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Opinion: I’m a volcanologist. Here’s what this Mauna Loa eruption will teach us | CNN

Editor’s Note: Einat Lev, a volcanologist, is an associate research professor at the Lamont-Doherty Earth Observatory at Columbia University. Her research, funded by the National Science Foundation and the Gordon and Betty Moore Foundation, is focused on lava flow dynamics at different volcanoes, including in Hawaii. The views expressed in this commentary are her own. Read more opinion on CNN.



CNN
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When Mauna Loa volcano on the island of Hawaii started erupting on Sunday night, many people were already waiting for it. For months, the scientists at the US Geological Survey (USGS) Hawaiian Volcano Observatory (HVO) have been noticing inflation of the ground and an increase in seismic activity at Mauna Loa, indicating the ascent of magma within the volcano’s plumbing system toward the surface.

Over the past few weeks, the rate of these changes increased. HVO staff moved from weekly status updates to daily, in anticipation of an eruption.

Monitoring the unrest is just part of being prepared. It is also critical to have detailed plans for what to do when an eruption finally happens. For the population of the island, response plans involve evacuation routes, shelters, supplies and access to the latest guidance from civil defense authorities.

Even though Mauna Loa hadn’t erupted in almost four decades, the communities of the island of Hawaii are well-versed in such plans, thanks to Mauna Loa’s little hyper-active sibling, Kilauea, which has been erupting almost continuously.

Only four years ago, these communities experienced a major disaster when fissures (volcanic cracks) opened low on the eastern flanks of Kilauea, in the middle of a quiet town, and a months-long eruption devastated the area.

Luckily, the recent eruption of Mauna Loa is less likely to cause as much damage. The lavas are coming out of fissures at a very high elevation, far from any population or property. So far, the only infrastructure that was damaged was a remote mountain road. If the eruption continues at the current rate, it might cut through a highway that links the east and west sides of the island in about a week. This will disrupt the cross-island traffic, from people going to work to transportation of goods, but hopefully will not cause significant property damage.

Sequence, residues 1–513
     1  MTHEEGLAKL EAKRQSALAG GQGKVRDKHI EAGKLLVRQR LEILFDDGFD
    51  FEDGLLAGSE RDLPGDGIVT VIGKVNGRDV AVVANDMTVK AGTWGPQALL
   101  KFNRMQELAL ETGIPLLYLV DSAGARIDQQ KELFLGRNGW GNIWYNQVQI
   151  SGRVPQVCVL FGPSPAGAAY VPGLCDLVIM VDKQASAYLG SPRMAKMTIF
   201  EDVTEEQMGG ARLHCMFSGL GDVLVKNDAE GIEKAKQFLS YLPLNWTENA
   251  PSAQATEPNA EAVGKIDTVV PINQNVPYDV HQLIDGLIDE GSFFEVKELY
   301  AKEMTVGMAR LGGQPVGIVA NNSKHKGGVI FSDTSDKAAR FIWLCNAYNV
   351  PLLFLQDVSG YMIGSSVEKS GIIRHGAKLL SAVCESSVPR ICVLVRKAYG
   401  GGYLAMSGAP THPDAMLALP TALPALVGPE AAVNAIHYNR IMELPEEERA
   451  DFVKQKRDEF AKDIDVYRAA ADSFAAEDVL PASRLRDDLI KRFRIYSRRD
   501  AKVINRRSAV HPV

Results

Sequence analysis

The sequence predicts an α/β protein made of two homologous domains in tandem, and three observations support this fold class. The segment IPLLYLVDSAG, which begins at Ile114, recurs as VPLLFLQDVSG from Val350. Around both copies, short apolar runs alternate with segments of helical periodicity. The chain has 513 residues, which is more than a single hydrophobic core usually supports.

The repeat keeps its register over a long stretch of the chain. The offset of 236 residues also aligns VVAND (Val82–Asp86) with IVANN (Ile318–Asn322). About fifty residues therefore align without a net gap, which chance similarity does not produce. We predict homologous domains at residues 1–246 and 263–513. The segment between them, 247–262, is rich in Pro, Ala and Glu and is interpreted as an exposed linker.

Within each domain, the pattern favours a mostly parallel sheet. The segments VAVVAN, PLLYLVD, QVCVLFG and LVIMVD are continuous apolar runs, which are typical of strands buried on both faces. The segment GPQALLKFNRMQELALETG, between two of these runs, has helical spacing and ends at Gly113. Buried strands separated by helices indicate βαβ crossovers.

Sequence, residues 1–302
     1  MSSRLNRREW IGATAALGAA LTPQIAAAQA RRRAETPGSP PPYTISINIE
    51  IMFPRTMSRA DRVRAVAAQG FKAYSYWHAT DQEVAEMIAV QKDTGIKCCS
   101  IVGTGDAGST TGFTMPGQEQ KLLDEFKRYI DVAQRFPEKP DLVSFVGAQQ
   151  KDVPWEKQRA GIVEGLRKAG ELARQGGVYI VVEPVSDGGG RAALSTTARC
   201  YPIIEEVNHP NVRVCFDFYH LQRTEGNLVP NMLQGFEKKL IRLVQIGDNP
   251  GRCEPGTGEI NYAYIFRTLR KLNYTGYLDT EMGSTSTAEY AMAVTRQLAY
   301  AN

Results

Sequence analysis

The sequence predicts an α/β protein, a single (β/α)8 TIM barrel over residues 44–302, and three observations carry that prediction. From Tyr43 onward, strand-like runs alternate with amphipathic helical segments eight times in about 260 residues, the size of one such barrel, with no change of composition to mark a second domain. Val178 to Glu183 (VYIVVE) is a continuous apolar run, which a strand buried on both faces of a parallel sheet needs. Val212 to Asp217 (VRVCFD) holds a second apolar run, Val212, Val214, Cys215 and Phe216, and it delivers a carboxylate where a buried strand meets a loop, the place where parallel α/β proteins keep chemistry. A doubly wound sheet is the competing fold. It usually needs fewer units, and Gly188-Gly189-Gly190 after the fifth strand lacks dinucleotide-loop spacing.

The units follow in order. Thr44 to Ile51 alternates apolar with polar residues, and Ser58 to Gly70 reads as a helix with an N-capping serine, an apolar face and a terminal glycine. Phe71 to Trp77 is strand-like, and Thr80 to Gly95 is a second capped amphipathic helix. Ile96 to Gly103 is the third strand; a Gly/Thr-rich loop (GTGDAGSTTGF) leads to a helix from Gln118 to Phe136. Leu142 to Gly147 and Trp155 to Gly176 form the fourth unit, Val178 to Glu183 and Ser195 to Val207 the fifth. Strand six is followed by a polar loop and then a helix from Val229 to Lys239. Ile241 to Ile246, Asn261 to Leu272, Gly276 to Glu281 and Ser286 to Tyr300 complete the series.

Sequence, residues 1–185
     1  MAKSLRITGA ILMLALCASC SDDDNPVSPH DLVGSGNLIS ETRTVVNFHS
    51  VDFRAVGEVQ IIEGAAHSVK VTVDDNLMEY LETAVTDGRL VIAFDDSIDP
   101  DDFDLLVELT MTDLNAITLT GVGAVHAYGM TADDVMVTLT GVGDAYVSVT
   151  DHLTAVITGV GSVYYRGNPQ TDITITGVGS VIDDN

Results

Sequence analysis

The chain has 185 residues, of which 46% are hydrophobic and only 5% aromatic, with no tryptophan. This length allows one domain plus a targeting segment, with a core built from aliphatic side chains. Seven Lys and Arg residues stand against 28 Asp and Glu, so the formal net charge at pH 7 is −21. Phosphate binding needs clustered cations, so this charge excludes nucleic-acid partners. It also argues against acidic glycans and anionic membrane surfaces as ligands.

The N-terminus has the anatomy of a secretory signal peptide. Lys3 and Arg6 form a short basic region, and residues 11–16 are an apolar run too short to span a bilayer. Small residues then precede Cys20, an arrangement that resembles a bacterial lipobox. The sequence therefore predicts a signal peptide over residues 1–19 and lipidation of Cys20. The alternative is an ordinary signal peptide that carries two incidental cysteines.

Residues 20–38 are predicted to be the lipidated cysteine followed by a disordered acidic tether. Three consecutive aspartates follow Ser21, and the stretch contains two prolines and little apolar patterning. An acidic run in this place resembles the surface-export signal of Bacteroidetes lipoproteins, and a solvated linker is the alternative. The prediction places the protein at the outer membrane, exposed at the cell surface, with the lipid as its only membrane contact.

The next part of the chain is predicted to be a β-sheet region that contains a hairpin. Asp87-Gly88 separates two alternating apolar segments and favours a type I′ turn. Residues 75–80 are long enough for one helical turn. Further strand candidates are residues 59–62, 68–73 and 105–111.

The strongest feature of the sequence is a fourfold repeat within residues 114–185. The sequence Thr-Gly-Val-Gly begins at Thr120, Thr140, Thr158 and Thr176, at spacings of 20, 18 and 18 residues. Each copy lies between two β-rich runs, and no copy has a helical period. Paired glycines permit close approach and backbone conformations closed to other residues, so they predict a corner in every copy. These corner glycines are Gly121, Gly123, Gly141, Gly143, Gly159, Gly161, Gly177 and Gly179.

Like the residents of Hawaii, the volcano science community at large has been preparing its own response plans for an eruption, which includes creating protocols that would ensure that we maximize what we learn from each eruption and unrest event.

Such plans and protocols didn’t always exist. A widely cited 2018 report by the National Academy of Science pointed out that more efficient coordination and stronger collaboration were needed within the volcanology community in the US.

In response, a research coordination network, followed recently by a national center, was established to achieve these goals. I was happy to serve as one of the organizers and disciplinary leaders for both.

Through dedicated workshops, town halls at professional conferences and hands-on eruption simulation exercises, we discussed matters such as data sharing, communication tools and inclusivity. The outcomes are already manifesting in the response to the current eruption.

Within hours from the start of the Mauna Loa eruption, more than 100 volcano scientists joined a Slack workspace, where they are comparing the predictions of flow models, planning the deployment of instruments and analyzing newly acquired observations. A small, pre-defined advisory committee made of academic and USGS members is streamlining the communication between HVO and interested scientists.

This established and transparent communication channel ensures that HVO staff are free to focus on the immediate needs of the response on the ground, while data that the rest of the community needs gets collected in a coordinated, safe and equitable way.

We will learn a lot from this eruption, not only about how lava flows behave or how eruptions evolve, but also about ourselves as a scientific community. Both aspects are important to move our science forward and, ultimately, provide us with a better understanding of how our magnificent planet works.

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